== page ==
There is significant overlap between the French broadcast and film worlds. Each major broadcaster - TF1, France 2, France 3, Canal Plus and M6 - is required to invest in local films via pre-buys and each also has a separate film production arm.
Terrestrial channels TF1, France 2, France 3 and M6 must each invest 3.2% of their revenues into European productions with at least 2.5% of that into French films. This is handled via acquisitions and co-productions. The terrestrial networks must make their co-production investments via a specially created film arm. In return, via a separate pre-buy contract, they have the right to a broadcast window at the two-year mark rather than the normal three years for a non co-producing channel.
In terms of budgets, for example, Pierre Heros, who heads France 2 Cinema, says he has about $45m (EUR32m) to spend, which represents the 3.2% investment obligation. France 2 is a co-producer on about 30 films a year while its sister company, France 3 Cinema, has its hand in around 20. TF1 co-produces in the low 20s and M6 around 10 a year.
The rules are different for pay-TV channel Canal Plus, which must spend its commitments (12% of revenues for European film, 9% of that for French film) via acquisitions. Co-productions it invests in do not count towards its film investment quota. The Canal Plus Group operates a film production, distribution and sales outfit, StudioCanal, which - unlike other broadcasters' film arms - is a mini-studio in itself, separate from the channel. StudioCanal also jointly owns UK production outfit Working Title with Universal Pictures.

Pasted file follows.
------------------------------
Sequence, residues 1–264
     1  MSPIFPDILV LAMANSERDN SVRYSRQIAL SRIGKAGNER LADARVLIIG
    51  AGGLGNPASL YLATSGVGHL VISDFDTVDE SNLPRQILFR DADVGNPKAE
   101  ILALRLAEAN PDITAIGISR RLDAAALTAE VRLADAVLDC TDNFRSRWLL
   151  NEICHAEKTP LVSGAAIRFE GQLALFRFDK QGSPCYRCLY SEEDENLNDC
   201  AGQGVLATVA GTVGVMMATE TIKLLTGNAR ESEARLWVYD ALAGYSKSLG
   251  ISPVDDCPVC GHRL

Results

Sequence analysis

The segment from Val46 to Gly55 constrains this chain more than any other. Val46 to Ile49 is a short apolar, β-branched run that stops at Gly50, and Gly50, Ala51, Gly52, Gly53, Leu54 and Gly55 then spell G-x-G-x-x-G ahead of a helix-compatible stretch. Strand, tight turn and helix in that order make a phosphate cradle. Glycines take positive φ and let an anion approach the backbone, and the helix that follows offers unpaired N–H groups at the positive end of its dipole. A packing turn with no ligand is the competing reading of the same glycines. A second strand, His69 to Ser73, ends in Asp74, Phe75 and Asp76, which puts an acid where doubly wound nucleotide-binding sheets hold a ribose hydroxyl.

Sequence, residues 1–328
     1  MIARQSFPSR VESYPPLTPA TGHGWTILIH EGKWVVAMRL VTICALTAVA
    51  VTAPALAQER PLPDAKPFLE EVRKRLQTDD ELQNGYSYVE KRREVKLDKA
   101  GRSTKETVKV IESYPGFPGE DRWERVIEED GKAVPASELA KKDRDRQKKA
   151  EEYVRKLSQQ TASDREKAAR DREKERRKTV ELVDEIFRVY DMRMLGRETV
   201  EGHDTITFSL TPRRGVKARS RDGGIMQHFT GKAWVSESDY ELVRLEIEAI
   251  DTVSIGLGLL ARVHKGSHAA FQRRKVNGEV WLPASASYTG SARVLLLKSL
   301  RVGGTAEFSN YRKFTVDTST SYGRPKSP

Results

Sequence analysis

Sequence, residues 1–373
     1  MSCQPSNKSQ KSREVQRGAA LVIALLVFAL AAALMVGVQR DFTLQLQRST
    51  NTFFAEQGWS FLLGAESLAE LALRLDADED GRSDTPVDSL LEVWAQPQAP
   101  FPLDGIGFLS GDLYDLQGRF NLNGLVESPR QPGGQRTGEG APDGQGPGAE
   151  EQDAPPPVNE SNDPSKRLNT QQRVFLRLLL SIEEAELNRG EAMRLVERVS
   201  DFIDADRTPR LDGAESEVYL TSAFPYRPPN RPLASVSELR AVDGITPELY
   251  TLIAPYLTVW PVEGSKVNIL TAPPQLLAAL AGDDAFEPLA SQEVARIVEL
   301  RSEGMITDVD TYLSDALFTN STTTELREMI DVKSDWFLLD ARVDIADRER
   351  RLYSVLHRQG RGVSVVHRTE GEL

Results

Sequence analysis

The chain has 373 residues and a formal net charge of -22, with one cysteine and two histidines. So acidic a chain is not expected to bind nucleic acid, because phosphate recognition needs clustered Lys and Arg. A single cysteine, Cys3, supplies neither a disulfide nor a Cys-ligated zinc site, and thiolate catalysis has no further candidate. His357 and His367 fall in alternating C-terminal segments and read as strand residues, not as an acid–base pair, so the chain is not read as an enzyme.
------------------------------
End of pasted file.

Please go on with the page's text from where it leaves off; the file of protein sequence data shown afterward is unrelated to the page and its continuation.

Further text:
Another exception is Arte, which as a Franco-German channel does not fall under the French rules. Michel Reilhac of Arte Cinema confirms that Arte sees two advantages in having a film arm: the two-year window entitlement and the fact that a channel's profile is raised when a film is released theatrically.
With the arrival of so many different distribution platforms, Reilhac says films are earning a smaller proportion of their revenue from theatrical distribution. However, he adds: "So far nothing has replaced it. The theatrical release of a film helps to establish its reputation. I know of no projects to change the system."
French broadcasters invest in local film via acquisitions and/or co-productions. The terrestrial channels must invest 3.2% of their revenues in films of European origin with 2.5% of those being majority French films. Pay-TV Canal Plus must invest 12% of its revenues in European films via acquisitions, with 9% of that dedicated to French films. Arte has no obligations.
MAJOR BROADCASTERS' FILM COMMITMENTS
TF1: invested $62.2m (EUR44.1m) in 2006
Credits include: Asterix At The Olympics (Frederic Forestier, Thomas Langmann), Le Deuxieme Souffle (Alain Corneau)
France 2: invested $40.9m (EUR29m) in 2006
Credits include: Faut Que Ca Danse (Noemie Lvovsky), His Majesty Minor (Jean-Jacques Annaud)
France 3: invested $20.6m (EUR14.6m) in 2006
Credits include: Un Secret (Claude Miller), The Fox & The Child (Luc Jacquet)
M6: invested $12.7m (EUR9m) in 2006
Credits include: Contre-Enquete (Franck Mancuso), Le Premier Cri (Gilles de Maistre)
Arte: invested $7.4m (EUR5.3m) in 2006
Credits include: The Palermo Shooting (Wim Wenders), Disengagement (Amos Gitai)
Canal Plus: invested $195m (EUR138.3m) in 2006 (all via pre-buys)
Credits include: Roman De Gare (Claude Lelouch), Max & Co (Frederic and Samuel Guillaume)